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WIPO Arbitration and Mediation Center

 

ADMINISTRATIVE PANEL DECISION

Google, Inc. v. wwwgoogle.com and Jimmy Siavesh Behain

Case No. D2000-1240

 

1. Parties

The Complainant in this administrative proceeding is Google Inc., a California corporation with its principal place of business at 2400 E. Bayshore Parkway, Mountain View, California U.S.A. The Respondent wwwgoogle.com maintains a postal address at THIS DOMAIN IS FOR SALE, 11288 Ventura Blvd., Suite #341, Studio City, California 91604 U.S.A. The Respondent Jimmy Siavesh Behain is the Administrative, Technical, Billing and Zone Contact. (Respondents wwwgoogle.com and Behain are referred to herein as "Respondent.")

 

2. Domain Name and Registrar

The domain name in dispute is as follows: wwwgoogle.com. The domain name was registered by Respondent with Network Solutions, Inc. (NSI) on March 3, 1999.

 

3. Procedural Background

On September 20, 2000, the WIPO Arbitration and Mediation Center received from Complainant via e-mail a complaint for decision in accordance with the Uniform Policy for Domain Name Dispute Resolution, adopted by the Internet Corporation of Assigned Names and Numbers (ICANN) on August 26, 1999 ("Policy"), the Rules for Uniform Domain Name Dispute Resolution Policy, approved by ICANN on October 24, 1999 ("Rules"), and the WIPO Supplemental Rules for Uniform Domain Name Dispute Resolution Policy (Supplemental Rules).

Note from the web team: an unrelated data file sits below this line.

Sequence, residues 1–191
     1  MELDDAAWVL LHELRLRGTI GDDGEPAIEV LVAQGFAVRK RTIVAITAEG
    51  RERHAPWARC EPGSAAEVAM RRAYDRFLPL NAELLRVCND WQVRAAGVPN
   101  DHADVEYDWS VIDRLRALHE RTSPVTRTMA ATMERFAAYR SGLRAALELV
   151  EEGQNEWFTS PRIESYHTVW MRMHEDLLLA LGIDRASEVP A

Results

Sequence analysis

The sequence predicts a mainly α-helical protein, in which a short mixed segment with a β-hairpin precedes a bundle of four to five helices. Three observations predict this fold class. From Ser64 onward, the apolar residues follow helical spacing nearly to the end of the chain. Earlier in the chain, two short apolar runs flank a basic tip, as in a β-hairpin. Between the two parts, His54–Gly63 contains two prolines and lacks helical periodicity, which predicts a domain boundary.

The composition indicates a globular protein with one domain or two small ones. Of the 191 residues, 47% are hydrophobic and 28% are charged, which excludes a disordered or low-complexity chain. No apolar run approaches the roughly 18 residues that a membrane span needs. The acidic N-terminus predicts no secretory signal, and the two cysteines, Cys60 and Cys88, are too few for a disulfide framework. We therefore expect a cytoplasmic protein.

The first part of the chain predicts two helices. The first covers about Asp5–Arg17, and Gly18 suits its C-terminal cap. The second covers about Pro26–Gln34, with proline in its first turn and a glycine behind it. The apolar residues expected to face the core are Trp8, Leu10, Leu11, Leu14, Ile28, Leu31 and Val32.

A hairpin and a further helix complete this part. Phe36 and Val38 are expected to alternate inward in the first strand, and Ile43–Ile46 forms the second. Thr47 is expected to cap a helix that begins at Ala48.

The complaint was filed in compliance with the requirements of the Rules and the Supplemental Rules, payment was properly made, the administrative panel was properly constituted, and the panelist submitted the required Statement of Acceptance and Declaration of Impartiality and Independence.

The instant Administrative Proceeding was commenced on September 29, 2000.

Respondent did not file a Response, and a "Notification of Respondent Default," dated October 20, 2000, was forwarded by WIPO to Respondent.

The decision of the Panel was due to WIPO on or before November 12, 2000.

 

4. Factual Background

As set forth in the Complaint, the GOOGLE search engine was created in 1997, and has since become one of the most highly recognized and widely used Internet search engines in the world. Complainant also offers co-branded web search solutions for information content providers, and has partnerships with some of the Internet's most prominent companies.

Google is the owner of several U.S. trademark applications (Serial Nos. 75/554461 and 75/978469) for the mark GOOGLE and also owns numerous registrations and applications in other countries throughout the world for the mark GOOGLE. Google also owns the domain name google.com, which was registered with NSI on September 15, 1997, and has been used to identify Google's web site since on or about that date.